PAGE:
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THE BISHOP'S VOICE: The road to purification

10/19/2018 | Comments

We continue to be deeply saddened — and, yes, angry — as news continues to come in concerning the sins of sexual abuse by priests and bishops. Just a week ago Pope Francis removed two Chilean bishops from the clerical state for their crimes against minors.

As discouraging as reports like these are, they are signs that God is continuing to purify his church.

After so many weeks of news like this, it is important to recognize that those clerics who have sexually abused are a minority in the church.  Let’s remember and support the countless priests and bishops who love the church and serve her with integrity. These men are suffering in a particularly acute way, and they need to know that they are loved and respected by the Catholic faithful whom they serve.

We continue to pray for the victims of clerical sexual abuse. But let’s not forget to pray, too, for those who have found in these scandals an excuse for renouncing their Catholic faith. Pray that those who have left will soon realize that the church is the Mystical Body of Christ himself and the community of salvation. The church is forever holy by reason of the irrevocable gift of the Holy Spirit. At the same time, every single member of the church on earth is a sinner — some far more heinous than others. It is for that reason that Jesus gave his life for our redemption. It is well worth recalling a talk given in 1969 by then-Father Joseph Ratzinger, in which he said: “From the crisis of today (remember, this is 1969) a new church of tomorrow will emerge — a church that has lost much! She will become small and will have to start afresh more or less from the beginning . . . But [she] will find her essence afresh and with full conviction in that which is always at her center: faith in the triune God, in Jesus Christ, the son of God made man, in the presence of the Spirit until the end of the world.”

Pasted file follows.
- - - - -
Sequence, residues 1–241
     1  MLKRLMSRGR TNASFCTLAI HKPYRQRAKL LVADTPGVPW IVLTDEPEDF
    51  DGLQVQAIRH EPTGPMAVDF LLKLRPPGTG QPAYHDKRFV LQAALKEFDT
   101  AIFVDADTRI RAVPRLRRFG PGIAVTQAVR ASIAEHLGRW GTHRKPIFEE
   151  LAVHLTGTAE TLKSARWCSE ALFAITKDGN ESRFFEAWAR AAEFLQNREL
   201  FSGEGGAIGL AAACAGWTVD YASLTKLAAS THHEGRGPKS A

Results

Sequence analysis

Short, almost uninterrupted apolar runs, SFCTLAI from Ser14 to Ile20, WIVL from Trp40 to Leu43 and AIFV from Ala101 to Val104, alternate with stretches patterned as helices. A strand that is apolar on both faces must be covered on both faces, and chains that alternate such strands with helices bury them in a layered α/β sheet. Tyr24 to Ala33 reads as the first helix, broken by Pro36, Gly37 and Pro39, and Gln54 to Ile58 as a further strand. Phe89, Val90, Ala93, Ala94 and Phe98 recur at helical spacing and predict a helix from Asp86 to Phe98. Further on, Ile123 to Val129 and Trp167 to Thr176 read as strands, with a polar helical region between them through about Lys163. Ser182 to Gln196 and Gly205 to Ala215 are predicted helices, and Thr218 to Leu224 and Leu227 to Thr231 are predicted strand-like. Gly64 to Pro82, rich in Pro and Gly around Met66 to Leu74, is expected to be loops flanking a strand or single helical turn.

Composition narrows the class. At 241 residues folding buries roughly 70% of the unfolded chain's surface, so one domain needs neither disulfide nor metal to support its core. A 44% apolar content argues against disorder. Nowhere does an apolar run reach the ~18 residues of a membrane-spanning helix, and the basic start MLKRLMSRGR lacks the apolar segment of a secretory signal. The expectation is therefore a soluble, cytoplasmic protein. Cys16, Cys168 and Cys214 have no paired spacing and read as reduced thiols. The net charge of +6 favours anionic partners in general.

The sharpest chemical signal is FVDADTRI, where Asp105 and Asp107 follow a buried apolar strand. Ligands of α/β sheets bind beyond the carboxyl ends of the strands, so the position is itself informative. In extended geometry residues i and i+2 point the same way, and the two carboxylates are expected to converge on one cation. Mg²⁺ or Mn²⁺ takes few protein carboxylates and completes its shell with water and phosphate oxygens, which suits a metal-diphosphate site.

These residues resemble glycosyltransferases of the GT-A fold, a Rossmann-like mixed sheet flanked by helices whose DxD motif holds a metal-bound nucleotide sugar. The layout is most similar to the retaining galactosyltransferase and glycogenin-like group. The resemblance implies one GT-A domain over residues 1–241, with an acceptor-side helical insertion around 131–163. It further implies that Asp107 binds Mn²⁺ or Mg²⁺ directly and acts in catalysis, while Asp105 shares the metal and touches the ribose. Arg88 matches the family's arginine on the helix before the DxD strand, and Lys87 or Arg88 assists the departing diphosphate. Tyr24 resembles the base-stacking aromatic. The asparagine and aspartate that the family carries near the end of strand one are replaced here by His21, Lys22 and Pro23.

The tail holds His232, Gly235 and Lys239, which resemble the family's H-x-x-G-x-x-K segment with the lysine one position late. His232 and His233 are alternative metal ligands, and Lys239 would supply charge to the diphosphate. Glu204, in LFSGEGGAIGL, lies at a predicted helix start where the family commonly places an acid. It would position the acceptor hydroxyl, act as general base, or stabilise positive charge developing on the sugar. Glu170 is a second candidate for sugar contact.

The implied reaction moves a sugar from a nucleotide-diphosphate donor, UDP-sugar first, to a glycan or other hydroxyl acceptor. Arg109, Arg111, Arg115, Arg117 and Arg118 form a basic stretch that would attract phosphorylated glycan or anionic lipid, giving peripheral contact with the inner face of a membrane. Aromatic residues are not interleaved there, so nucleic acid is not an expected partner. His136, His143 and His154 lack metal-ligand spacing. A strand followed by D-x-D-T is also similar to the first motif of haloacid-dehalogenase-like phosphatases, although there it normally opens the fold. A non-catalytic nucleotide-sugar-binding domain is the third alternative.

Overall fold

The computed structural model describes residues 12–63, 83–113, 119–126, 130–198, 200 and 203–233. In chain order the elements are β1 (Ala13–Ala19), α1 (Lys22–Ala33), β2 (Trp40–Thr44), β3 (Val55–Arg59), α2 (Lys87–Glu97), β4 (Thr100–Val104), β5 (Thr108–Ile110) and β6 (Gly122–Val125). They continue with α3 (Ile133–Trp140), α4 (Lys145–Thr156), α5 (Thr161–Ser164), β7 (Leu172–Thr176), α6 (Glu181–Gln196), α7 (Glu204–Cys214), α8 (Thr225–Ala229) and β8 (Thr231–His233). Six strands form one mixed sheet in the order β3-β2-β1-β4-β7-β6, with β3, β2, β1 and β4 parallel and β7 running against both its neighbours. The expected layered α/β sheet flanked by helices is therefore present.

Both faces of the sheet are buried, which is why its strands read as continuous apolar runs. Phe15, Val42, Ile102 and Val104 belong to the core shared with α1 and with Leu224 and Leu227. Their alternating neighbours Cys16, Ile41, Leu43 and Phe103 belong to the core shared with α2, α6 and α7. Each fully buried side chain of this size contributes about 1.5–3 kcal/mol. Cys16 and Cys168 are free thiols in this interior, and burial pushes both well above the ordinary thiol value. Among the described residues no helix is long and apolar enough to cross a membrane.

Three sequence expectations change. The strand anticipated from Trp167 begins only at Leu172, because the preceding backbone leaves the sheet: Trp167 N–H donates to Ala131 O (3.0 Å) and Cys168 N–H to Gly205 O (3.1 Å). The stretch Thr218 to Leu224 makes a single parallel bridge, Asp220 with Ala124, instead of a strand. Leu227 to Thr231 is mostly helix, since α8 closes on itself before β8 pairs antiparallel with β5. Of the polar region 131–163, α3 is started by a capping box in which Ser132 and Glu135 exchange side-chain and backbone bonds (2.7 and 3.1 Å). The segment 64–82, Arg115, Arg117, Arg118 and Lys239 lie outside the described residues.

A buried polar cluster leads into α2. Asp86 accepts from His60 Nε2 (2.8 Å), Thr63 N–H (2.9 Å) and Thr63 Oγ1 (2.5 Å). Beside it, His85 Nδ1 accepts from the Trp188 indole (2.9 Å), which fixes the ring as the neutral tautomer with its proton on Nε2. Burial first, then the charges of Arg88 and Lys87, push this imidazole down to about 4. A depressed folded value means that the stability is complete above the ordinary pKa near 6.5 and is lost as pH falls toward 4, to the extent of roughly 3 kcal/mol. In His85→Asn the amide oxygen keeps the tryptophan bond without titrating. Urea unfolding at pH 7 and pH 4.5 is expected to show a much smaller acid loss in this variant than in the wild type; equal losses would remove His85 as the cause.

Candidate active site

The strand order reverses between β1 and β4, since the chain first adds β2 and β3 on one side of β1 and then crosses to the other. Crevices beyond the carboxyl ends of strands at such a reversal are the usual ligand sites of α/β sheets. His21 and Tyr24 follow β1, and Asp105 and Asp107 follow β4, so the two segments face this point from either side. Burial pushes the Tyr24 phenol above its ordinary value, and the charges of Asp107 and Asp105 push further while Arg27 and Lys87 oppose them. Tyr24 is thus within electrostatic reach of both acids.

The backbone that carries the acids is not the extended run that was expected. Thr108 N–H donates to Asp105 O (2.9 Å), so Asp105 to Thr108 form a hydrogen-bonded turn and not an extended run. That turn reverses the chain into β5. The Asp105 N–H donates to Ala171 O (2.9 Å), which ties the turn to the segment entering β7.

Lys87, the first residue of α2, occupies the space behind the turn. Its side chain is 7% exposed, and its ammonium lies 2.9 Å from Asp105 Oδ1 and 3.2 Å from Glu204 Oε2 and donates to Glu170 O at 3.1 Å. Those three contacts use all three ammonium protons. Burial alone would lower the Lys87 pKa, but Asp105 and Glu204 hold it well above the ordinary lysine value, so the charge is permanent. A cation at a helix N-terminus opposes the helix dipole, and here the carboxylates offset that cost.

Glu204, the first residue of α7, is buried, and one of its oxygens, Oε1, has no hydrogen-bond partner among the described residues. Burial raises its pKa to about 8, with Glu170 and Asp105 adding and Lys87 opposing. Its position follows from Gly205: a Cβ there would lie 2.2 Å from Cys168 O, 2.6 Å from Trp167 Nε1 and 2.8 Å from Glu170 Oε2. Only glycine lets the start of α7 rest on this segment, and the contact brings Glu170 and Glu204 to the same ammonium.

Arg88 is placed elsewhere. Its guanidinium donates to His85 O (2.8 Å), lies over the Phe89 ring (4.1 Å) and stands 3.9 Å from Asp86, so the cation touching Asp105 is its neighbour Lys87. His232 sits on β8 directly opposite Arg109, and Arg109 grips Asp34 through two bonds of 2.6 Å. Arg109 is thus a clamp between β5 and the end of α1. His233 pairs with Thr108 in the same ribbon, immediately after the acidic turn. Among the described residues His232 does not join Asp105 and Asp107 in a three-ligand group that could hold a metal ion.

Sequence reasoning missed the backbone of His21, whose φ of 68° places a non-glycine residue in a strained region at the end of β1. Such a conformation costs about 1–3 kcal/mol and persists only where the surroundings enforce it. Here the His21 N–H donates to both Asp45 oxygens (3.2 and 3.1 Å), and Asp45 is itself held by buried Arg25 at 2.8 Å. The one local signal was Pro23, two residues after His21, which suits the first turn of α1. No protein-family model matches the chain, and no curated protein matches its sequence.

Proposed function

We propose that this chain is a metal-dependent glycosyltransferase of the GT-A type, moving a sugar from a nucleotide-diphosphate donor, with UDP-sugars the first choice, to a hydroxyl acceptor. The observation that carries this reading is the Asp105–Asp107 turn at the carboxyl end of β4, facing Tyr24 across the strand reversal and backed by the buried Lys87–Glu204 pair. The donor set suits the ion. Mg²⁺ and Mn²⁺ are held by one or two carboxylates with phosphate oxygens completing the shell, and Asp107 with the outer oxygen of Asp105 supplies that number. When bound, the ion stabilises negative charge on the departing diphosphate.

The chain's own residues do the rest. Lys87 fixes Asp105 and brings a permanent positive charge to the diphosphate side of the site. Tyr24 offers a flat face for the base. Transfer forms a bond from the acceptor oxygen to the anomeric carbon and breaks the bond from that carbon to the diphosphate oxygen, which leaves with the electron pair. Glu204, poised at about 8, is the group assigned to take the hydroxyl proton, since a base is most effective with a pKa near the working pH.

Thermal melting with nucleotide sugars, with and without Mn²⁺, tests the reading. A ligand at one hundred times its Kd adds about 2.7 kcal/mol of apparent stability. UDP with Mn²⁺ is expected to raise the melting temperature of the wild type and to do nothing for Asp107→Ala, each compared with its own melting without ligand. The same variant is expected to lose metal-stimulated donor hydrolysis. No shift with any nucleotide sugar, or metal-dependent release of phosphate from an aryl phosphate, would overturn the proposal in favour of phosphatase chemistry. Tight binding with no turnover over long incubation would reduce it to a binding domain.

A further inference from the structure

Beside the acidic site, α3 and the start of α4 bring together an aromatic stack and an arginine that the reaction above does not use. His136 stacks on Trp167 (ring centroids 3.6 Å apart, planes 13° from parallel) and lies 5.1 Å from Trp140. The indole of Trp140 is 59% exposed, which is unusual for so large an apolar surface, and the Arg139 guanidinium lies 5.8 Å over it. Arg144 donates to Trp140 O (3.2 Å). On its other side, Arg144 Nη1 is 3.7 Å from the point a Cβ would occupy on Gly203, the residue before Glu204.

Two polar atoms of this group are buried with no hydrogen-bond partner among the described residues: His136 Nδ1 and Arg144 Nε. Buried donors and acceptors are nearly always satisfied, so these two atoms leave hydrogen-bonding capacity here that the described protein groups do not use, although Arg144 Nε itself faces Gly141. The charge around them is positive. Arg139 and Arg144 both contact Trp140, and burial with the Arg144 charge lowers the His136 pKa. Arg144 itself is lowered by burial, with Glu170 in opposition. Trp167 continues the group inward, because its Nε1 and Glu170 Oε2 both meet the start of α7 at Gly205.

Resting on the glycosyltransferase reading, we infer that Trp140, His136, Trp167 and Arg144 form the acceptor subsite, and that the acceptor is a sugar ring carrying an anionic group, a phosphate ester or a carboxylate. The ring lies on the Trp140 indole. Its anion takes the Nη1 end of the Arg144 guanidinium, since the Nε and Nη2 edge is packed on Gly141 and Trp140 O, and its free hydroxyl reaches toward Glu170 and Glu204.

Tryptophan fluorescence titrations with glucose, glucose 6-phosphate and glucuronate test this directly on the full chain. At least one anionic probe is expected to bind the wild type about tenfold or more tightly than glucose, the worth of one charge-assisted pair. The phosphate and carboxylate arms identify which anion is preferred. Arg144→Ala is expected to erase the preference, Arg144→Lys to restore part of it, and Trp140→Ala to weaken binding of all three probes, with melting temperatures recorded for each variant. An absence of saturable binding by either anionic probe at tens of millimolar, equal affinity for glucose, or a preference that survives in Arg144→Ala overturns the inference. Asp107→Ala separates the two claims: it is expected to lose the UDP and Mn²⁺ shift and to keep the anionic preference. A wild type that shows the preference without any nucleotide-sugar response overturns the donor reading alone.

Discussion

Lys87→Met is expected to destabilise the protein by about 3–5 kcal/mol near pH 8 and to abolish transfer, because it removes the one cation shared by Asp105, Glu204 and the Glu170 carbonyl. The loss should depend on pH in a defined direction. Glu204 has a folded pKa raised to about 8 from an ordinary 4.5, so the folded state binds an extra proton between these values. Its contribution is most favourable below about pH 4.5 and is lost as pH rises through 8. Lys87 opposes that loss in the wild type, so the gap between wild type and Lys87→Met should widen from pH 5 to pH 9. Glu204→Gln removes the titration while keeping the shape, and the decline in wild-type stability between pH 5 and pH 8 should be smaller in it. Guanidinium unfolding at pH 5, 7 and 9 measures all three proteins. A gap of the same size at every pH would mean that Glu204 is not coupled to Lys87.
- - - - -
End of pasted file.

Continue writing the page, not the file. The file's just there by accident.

In a few weeks the bishops of the United States will gather in Baltimore for our semiannual meeting. Cardinal Daniel DiNardo, president of the United States Conference of Catholic Bishops (USCCB), has proposed a very full agenda, an agenda that will begin with a day of prayer. Is prayer enough to end these scandals?  No!  But without prayer our meager efforts are worthless. No amount of mechanisms for preventing or punishing sexual abuse by clerics is sufficient to put an end to these sins. Only when we —every one of us — turn again to God in prayer and penance and take our Catholic faith with the utmost seriousness can we expect to see a new manifestation of holiness. As we bishops pray in Baltimore, I humbly ask that all our Catholic faithful join their prayers to ours.

Other items on the agenda are:

• A request from the Holy See for a full investigation of the situation as regards Archbishop Theodore McCarrick;

• A proposal for the formation of a lay commission to assist the nuncio in the investigation of reports of sexual abuse or harassment by bishops, or failure of a bishop in responding to such claims;

• A draft of a Code of Conduct for Bishops to be voted on by the body of bishops;

• A draft of policies for a bishop who has resigned, retired or been suspended or removed due to sexual abuse, sexual harassment or abuse of power;

• A third-party reporting system for reporting on sexual abuse or harassment by a bishop.

During the recent meeting of our parish priests, all the priests supported my suggestion that we restore the prayer to St. Michael the Archangel at the conclusion of all regular parish Masses. A number of parishes have begun this practice already. All other parishes will begin the prayer no later than the First Sunday of Advent. The power of this prayer has been demonstrated over many years.

In addition to the prayer to St. Michael, I encourage all the faithful to observe the Ember Days. These are the Wednesday, Friday and Saturday following the feast of St. Lucy (Dec. 13); following Ash Wednesday; following the Solemnity of Pentecost; and following the feast of the Exaltation of the Holy Cross (Sept. 14). The Ember Days were liturgical observances prior to the Second Vatican Council. They consist of prayer, along with fast and/or abstinence or other forms of penance. Much penance and reparation are needed to remedy the ills in the Church.

May God bless our efforts to put an end to sexual abuse by clerics, and may we soon see a return to lives of chastity by all.

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